In turn, the district hospitals are unable to fulfil their role as filters for the tertiary-care facilities in the metropolitan centres. Only a major upgrade of the district hospitals would provide immediate relief to the health system while triggering the backward and forward changes that would deepen the reform process. This is the only intervention with the potential to unleash a new dynamic in the short to medium term.
The essential pre-requisite to using aid effectively is to use it to structure the change dynamic around a small number of discrete interventions that have very high impact, are easily manageable, need minimal involvement of the local bureaucracy for initiation, can be monitored by citizen watchdog groups, and can deliver immediate and visible benefits to marginalised groups in society. The limited number of district hospitals in the country makes this choice the optimal one in the circumstances.
In order to make these investments sustainable and catalytic it would be important to identify and put in place the upstream and downstream linkages and the complementary reforms necessary for the efficient functioning of a district hospital as the focal point of a national healthcare system. A focus on facilities alone would cause the initiative to wither soon after the funding ends. These complementary reforms would include aspects of governance, regulation, accreditation, staffing, compensation, vocational training, procurement, etc. The district hospital should be the nucleus for micro experiments in the systemic reform without which any sector-specific change initiative would flounder.
What we have not been able to stress to individual donor agencies but consider of overriding importance is the recognition by Pakistani policymakers that it should be the Pakistani state and not piecemeal programmes of donors that should be ultimately responsible for a coherent long-term vision for the sector. Donor investments have to fit into and not drive the sector strategy.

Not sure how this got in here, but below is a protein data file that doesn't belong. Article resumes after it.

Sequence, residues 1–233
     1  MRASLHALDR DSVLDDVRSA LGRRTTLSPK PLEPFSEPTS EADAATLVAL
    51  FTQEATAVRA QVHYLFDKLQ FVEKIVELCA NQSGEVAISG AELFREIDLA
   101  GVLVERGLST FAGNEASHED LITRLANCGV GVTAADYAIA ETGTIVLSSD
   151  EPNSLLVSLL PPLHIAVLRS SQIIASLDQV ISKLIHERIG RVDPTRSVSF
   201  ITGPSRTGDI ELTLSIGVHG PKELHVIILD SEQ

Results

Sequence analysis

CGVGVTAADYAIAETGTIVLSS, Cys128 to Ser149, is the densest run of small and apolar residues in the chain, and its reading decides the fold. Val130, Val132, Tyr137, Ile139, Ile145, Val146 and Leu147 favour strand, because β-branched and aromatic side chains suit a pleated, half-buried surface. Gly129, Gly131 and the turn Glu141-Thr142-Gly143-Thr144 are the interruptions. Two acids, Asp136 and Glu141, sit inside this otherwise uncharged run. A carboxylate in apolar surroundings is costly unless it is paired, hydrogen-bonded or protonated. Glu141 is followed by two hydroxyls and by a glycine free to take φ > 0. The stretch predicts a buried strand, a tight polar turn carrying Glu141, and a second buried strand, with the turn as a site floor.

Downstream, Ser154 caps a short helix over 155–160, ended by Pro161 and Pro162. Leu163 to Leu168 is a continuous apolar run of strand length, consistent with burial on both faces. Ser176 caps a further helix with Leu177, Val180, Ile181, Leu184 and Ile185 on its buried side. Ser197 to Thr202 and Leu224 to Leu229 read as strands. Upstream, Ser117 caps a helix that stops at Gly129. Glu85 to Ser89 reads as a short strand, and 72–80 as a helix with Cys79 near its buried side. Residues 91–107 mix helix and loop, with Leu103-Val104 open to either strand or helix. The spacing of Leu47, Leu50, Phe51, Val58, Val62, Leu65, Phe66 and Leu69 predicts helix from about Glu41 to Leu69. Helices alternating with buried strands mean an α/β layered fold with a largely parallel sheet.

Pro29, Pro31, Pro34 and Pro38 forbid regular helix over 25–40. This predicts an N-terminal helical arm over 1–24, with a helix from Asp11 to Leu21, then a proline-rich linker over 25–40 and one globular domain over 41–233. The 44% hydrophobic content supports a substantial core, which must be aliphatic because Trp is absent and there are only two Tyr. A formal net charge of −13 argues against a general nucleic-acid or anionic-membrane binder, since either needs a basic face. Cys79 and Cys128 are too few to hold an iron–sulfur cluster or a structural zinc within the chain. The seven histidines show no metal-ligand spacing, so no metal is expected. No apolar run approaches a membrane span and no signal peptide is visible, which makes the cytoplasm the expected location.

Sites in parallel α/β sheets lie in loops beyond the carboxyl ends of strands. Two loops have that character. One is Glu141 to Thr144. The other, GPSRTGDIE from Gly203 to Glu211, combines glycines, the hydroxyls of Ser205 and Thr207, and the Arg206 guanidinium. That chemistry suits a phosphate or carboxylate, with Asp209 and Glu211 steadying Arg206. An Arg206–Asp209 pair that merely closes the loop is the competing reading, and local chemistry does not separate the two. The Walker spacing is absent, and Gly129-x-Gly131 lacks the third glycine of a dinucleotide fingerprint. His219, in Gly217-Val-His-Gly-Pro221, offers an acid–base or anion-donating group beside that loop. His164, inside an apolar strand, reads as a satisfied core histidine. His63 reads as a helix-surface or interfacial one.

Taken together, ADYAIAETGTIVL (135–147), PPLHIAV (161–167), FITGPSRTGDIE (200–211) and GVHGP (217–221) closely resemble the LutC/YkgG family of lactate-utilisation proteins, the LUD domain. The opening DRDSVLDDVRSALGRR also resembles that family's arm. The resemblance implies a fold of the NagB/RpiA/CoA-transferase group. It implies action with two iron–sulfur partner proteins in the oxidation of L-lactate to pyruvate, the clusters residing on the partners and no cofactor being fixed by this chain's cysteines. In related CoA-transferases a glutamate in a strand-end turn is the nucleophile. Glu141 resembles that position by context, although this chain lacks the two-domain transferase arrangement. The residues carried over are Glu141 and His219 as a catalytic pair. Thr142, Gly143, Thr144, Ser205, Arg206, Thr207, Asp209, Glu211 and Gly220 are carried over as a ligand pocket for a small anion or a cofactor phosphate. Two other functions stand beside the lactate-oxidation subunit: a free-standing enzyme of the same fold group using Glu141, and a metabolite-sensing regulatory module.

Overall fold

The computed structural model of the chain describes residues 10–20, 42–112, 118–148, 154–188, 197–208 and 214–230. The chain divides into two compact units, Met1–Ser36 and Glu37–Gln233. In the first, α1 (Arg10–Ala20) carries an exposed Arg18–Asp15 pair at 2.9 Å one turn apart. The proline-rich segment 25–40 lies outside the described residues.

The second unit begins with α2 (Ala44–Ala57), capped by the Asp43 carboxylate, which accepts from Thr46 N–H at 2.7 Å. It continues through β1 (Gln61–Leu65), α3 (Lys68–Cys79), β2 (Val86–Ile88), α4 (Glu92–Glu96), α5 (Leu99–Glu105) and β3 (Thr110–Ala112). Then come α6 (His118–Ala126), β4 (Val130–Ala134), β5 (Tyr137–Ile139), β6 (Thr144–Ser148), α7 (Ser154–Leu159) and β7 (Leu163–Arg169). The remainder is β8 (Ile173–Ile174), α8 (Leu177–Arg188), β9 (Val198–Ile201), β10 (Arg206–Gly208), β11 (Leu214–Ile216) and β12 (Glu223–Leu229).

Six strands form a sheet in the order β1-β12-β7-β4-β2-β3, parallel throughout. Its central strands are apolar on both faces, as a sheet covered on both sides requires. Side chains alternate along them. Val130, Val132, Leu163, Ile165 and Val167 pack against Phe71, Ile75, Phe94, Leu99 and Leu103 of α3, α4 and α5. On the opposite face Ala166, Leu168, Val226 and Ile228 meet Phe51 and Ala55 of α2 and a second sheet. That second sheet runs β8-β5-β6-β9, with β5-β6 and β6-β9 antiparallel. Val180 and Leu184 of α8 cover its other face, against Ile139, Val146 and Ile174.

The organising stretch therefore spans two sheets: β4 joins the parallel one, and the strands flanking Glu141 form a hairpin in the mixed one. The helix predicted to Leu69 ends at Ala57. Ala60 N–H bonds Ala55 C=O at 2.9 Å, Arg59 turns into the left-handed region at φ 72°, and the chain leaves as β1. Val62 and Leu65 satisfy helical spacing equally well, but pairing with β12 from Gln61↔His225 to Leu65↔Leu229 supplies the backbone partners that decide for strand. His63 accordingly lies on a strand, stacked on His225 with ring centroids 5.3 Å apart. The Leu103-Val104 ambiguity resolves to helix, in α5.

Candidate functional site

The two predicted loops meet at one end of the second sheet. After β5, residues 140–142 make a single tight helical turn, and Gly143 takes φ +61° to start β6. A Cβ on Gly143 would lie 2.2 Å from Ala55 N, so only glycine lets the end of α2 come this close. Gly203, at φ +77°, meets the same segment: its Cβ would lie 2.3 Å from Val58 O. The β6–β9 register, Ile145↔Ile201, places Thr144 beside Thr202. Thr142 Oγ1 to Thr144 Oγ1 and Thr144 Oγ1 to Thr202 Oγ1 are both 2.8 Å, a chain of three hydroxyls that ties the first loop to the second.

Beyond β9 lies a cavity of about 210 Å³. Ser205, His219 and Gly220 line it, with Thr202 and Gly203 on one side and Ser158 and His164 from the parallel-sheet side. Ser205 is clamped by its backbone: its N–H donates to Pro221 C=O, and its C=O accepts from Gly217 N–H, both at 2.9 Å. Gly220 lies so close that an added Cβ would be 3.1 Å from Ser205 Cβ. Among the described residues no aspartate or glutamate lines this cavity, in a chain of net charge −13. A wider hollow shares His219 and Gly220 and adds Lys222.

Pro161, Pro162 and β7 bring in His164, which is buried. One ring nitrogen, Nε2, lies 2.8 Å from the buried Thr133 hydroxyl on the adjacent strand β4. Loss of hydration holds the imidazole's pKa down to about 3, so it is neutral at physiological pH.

Given the limited capacity of the state, one of the most effective measures to ensure efficient and coherent utilisation of assistance would be to implement this sector strategy in a competitive format. For example, in the first iteration, the rehabilitation and management of five district hospitals each could be assigned to different bilateral donors in competition with each other and with the local public sector as well.
The injection of a competitive dynamic would itself generate incentives for good performance that have been conspicuous by their absence to date. In addition, this format would also facilitate local experimentation with different practices in order to identify what might work best in the specific context of the country. This was the model underlying the emergence of the globally recognised stature and performance of the Indian Institutes of Technology.
Such an initiative would need to be supplemented by a plan detailing how and over what time frame the revitalised asset base would be fully integrated into the national healthcare system. This would require identifying capacity-building needs, administrative reforms, and the modalities of continued citizen involvement needed to ensure the sustainable operation of refurbished assets. Aid need not be destructive if it is designed intelligently by the host government, implemented transparently by the contractors with public disclosure of budgets and milestones, and monitored rigorously by the representatives of taxpayers in the donor countries and of end users in Pakistan.
Samia Altaf is a public health physician; Anjum Altaf is an economist.